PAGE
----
Researchers see rapidly hunting CRISPR system in action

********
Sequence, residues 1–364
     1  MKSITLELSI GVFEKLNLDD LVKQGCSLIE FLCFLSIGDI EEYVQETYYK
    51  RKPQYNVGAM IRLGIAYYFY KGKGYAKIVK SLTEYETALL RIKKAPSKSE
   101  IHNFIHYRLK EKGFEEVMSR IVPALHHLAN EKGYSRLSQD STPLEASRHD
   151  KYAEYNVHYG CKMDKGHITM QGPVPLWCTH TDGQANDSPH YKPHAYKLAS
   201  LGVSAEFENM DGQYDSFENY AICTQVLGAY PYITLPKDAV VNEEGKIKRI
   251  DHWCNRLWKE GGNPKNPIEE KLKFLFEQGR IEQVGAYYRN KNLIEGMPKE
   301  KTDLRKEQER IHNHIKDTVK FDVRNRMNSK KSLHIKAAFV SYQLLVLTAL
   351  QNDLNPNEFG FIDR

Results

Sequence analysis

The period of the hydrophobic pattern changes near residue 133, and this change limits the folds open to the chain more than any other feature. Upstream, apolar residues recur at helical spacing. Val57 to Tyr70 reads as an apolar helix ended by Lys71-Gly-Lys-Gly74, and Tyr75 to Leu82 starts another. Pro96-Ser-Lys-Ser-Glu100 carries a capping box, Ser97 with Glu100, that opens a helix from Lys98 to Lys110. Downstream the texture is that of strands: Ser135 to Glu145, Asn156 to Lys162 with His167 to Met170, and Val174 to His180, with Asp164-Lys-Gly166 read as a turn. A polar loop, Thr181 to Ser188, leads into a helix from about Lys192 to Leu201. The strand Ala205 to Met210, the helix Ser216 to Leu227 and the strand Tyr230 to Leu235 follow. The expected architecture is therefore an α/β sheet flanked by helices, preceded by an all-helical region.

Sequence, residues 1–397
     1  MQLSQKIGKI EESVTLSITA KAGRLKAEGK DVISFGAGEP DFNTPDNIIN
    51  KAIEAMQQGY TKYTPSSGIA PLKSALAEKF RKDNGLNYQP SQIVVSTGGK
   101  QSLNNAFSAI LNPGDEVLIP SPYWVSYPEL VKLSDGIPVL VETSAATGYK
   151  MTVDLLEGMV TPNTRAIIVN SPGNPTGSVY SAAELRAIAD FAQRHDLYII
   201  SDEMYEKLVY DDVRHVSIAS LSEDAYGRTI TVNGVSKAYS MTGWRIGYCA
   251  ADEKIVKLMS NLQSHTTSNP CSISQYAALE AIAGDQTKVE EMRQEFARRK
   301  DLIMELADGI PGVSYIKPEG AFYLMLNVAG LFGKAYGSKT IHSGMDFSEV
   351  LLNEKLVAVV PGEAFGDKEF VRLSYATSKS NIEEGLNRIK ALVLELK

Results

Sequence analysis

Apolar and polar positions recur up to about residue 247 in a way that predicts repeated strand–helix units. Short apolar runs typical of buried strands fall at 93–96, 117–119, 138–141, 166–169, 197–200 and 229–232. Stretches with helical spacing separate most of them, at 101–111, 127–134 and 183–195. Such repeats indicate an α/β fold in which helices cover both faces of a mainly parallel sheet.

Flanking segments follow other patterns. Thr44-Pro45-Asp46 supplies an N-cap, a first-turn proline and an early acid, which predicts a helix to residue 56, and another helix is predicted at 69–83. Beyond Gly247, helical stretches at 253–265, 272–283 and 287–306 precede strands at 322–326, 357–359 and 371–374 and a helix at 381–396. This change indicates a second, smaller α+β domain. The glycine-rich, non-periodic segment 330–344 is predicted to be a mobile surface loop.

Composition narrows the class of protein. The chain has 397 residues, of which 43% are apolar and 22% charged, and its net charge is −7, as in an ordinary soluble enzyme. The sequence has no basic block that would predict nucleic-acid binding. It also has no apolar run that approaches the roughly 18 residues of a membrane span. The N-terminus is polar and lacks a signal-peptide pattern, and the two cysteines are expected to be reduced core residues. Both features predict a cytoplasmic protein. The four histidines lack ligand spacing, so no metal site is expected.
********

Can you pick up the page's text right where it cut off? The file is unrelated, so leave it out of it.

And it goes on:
Researchers around the world are using CRISPR systems for genome editing, with CRISPR-Cas9 as the best known example. However, there is still a great deal of uncertainty about how these types of systems work in the cell. Researchers at Delft University of Technology and Wageningen University & Research have now followed one such system, the so-called CRISPR Cascade complex, during the hunt for hostile DNA for the first time. The bacterial defence mechanism is astonishingly fast and efficient: it checks no less than 100 different pieces of DNA every second. Read more